Gaining A New Perspective -Low Vision/ Blindness

If you are peeking into our adventures at Wellspring Community, on any given day you may see some of our STARs navigating the halls with the aid of a white cane. Actually, about half of our STARS have some form of vision loss, which can range from those who wear corrective lens, to conditions such as low-light blindness, legal blindness, or total blindness. What is the difference in these conditions, and what does Wellspring do to bring inclusion and success to our STARS with visual impairments?

Legal Blindness is categorized as 20/200 (or less) vision. This means that a person with legal blindness can see at 20 feet (or less) what the normal eye can see at 200 feet. Total Blindness is categorized as the inability to recognize a strong light that is shown directly into the eye. Additional factors that can impact visual disabilities are light sensitivity, glare sensitivity, contrast sensitivity and light/dark adaptation. A person with visual disabilities may have a difficult time in social situations. This can lead to isolation and lack of opportunities for quality peer interaction. Physically, a person with low vision may also be affected with balance issues which can lead to excessive falls.

Our staff and volunteers work very hard to create an inclusive environment for all of the STARS at Wellspring. From the beginning, our relationship with each STAR helps us to navigate in a forward direction as we listen for their personal voice. In this way, we can learn about a STAR’s likes, dislikes, choices and needs, all of which can help us to create a fully participatory environment where each STAR can get the most out of their experience in the Wellspring program.

There are many ways the Wellspring staff can make efforts to personalize their classes to better meet the needs of program participants with low vision. Simple adaptations such as controlling the amount of light in the classroom, offering appropriate seating, and using adaptive technology are great places to initiate a supportive learning environment. Peer training/tutoring, using multi-sensory teaching approaches and offering demonstration techniques or tactile modeling can also be beneficial. Finally, being aware of community resources that are available, allows our STARS with low vision to fully participate in a stimulating educational experience. This list is only an example of the kinds of adaptations our teachers are implementing on a regular basis here at Wellspring. The staff do this to help our STARS to overcome their personal challenges, to bring intellectual stimulation, to cultivate meaningful social relationships and to bring self-confidence to all of our STARS including those with visual disabilities.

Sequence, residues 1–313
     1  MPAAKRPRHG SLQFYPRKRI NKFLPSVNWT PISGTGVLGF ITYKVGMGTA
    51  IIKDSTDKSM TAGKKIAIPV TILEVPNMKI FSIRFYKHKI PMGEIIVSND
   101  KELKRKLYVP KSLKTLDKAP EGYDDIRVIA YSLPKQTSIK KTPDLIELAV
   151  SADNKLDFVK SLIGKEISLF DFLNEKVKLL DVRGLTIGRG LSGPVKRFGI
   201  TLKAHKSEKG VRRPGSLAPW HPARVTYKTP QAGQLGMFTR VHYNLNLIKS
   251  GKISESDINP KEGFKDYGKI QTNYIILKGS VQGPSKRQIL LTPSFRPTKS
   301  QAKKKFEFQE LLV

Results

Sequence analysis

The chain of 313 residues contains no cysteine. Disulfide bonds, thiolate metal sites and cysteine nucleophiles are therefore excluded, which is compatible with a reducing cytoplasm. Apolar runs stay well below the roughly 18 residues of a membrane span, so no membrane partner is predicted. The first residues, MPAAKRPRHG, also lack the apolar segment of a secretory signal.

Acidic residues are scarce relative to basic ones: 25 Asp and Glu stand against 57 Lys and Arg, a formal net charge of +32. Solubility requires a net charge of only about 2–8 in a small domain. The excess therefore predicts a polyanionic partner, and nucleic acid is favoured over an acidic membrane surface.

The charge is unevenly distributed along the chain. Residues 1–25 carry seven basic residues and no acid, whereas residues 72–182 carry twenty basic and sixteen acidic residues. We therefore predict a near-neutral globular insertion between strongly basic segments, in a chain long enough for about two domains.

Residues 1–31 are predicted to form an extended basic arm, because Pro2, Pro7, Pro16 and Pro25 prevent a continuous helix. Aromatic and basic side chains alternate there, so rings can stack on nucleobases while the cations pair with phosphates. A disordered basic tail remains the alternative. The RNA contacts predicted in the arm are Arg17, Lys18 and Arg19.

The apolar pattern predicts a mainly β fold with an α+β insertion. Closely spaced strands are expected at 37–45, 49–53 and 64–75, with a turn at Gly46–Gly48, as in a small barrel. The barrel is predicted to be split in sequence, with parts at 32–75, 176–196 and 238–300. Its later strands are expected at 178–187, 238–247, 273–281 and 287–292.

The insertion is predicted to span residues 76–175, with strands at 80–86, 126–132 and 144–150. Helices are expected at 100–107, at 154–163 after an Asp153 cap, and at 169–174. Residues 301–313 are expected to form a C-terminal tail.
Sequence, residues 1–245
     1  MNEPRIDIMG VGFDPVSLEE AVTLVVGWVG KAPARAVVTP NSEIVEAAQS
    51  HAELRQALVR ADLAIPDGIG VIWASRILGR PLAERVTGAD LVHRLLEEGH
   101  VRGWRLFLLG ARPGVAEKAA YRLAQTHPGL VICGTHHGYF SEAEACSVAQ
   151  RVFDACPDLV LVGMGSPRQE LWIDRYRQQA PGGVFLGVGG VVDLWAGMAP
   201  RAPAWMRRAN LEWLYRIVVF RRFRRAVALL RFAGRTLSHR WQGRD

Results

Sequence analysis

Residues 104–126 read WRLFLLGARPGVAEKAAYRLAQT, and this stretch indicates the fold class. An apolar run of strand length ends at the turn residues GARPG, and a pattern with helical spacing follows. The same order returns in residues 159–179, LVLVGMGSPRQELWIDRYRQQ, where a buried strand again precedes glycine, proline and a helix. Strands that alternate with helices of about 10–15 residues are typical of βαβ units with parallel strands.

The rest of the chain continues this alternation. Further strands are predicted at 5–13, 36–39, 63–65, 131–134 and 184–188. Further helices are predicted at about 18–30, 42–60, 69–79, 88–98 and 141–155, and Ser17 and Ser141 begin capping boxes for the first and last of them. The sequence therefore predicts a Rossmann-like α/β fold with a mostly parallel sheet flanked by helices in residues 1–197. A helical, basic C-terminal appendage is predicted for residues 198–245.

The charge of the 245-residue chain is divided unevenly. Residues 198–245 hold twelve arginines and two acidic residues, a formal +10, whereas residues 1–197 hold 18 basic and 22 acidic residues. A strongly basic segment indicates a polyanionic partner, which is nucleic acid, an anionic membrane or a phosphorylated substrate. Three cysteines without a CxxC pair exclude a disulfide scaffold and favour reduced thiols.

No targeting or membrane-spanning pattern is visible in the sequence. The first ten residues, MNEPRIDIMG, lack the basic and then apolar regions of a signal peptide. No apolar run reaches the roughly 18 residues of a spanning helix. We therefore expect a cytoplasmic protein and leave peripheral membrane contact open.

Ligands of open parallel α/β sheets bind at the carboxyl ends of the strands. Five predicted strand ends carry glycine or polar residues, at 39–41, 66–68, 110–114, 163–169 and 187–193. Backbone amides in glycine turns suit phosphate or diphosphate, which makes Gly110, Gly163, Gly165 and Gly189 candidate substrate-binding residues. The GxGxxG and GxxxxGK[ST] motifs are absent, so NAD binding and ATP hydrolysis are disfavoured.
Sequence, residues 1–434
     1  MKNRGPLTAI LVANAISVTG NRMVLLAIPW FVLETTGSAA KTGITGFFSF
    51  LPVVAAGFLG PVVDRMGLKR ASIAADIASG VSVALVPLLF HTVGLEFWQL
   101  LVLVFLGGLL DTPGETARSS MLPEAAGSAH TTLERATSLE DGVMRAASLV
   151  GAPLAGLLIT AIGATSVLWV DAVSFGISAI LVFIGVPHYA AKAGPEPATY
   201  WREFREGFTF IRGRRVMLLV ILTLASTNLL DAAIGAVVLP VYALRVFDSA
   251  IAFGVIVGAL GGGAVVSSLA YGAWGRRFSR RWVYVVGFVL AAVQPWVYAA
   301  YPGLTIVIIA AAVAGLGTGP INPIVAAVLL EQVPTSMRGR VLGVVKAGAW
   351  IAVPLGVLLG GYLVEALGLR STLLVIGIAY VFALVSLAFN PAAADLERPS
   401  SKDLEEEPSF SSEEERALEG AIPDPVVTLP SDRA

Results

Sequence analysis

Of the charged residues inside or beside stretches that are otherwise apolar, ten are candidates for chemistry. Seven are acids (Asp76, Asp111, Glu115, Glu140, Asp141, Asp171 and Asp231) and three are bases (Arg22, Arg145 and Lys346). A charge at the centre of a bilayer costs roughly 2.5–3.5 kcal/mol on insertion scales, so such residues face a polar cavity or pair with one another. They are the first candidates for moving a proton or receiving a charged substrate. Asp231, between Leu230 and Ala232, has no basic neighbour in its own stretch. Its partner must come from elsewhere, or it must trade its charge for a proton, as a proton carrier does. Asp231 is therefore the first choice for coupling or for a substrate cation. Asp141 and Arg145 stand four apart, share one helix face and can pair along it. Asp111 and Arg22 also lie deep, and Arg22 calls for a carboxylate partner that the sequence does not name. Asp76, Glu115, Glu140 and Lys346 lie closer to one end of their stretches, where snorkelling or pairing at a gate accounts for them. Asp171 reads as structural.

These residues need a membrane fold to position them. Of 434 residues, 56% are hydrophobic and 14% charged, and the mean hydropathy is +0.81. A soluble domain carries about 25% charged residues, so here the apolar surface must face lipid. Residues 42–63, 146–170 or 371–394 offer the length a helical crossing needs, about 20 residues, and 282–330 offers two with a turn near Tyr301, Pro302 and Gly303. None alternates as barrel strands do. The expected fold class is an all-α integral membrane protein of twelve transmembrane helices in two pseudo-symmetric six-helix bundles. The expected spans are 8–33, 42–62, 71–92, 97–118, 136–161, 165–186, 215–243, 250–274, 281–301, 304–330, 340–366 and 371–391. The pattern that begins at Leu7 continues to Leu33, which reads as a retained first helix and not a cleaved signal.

By, Michele Richmond, Social Work Intern, MSW Candidate 2020, MSU Denver


A Guide to Visual Disabilities: How Colleges Help Visually Impaired Students Succeed. (2020). Retrieved March 02, 2020, from

Mushkin, J., Baranowski, M., Williston, B. J., Lukshaitis, G., & Hengstman, J. (2017). Spark Inclusive PE. San Diego, CA: San Diego State University Foundation.

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